What is a herniated disc?
A herniated disc is a condition that affects the back. It can cause pain, numbness, or tingling down one or both legs. The discs that sit between the vertebrae have a tough outer shell and jelly-like center. The outer shell of the discs can sometimes break open, spilling the jelly material inside. This is what doctors call a herniated disc. Herniated discs can cause symptoms, because the jelly material that spills out of them can irritate nearby nerves. Plus, the disc itself can bulge and press on nerves.
What are the symptoms of a herniated disc in the lower back?
Herniated discs do not always cause symptoms. When they do, the most common symptom is tingling, pain, or numbness that spreads down one leg. These symptoms affect different parts of the leg, depending on which disc in the lower back is herniated.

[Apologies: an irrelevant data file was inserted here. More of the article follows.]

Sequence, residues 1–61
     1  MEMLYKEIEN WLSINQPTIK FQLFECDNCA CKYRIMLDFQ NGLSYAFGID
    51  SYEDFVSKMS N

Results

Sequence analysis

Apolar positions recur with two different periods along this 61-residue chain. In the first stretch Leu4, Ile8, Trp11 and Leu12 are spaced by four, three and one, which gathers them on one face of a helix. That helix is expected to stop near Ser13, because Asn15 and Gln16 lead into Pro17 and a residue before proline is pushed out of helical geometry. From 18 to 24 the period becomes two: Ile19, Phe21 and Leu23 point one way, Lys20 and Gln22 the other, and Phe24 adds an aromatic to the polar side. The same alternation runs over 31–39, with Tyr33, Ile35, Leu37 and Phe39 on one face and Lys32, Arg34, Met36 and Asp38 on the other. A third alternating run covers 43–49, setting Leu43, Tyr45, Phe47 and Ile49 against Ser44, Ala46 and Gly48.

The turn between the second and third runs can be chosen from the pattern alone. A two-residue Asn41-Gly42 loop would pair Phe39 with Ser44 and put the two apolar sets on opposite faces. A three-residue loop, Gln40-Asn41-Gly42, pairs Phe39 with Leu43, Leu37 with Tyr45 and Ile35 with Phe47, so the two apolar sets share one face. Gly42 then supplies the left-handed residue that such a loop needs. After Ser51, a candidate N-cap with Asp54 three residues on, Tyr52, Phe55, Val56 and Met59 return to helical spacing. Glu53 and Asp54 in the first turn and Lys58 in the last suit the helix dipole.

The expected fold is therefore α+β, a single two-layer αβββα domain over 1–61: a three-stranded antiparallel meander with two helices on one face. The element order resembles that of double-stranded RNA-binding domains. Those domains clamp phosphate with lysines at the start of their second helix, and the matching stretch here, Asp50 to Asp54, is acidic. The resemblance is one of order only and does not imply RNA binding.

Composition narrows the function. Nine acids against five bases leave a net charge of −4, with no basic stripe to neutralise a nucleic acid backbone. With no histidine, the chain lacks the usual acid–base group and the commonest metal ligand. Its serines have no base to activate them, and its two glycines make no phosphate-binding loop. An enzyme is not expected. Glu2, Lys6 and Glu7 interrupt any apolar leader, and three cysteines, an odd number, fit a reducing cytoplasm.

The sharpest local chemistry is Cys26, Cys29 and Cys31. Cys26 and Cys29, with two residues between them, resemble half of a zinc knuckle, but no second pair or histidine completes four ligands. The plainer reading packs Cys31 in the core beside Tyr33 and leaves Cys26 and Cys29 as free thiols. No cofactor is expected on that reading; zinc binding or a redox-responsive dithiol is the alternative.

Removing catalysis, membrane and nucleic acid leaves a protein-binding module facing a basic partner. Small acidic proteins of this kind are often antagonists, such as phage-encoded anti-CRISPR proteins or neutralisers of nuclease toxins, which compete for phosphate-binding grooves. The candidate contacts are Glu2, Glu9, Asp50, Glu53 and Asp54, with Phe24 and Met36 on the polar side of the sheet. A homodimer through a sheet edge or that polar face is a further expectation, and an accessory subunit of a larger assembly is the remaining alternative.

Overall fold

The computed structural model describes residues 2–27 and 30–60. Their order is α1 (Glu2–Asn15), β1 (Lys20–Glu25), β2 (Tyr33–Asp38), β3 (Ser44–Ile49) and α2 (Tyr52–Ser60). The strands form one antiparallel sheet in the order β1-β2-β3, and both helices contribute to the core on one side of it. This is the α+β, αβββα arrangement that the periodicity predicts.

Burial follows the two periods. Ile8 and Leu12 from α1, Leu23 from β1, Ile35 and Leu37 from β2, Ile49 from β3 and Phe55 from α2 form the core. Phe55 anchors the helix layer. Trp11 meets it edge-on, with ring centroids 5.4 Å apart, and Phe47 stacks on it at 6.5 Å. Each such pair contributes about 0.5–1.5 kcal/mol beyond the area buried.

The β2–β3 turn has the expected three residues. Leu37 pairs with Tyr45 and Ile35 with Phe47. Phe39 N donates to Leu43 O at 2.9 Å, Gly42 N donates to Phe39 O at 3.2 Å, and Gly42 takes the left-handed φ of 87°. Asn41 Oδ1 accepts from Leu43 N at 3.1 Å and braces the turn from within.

Will I need tests?
Imaging tests, such as an MRI or a CT scan, can show what the tissues inside the back look like. These tests can find a herniated disc if one is there. But doctors do not usually offer this test until a person has had symptoms for at least 4 to 6 weeks. In most cases, it does not make sense to order the test sooner, because the treatment for herniated disc during those first few weeks is the same no matter what an imaging test might show.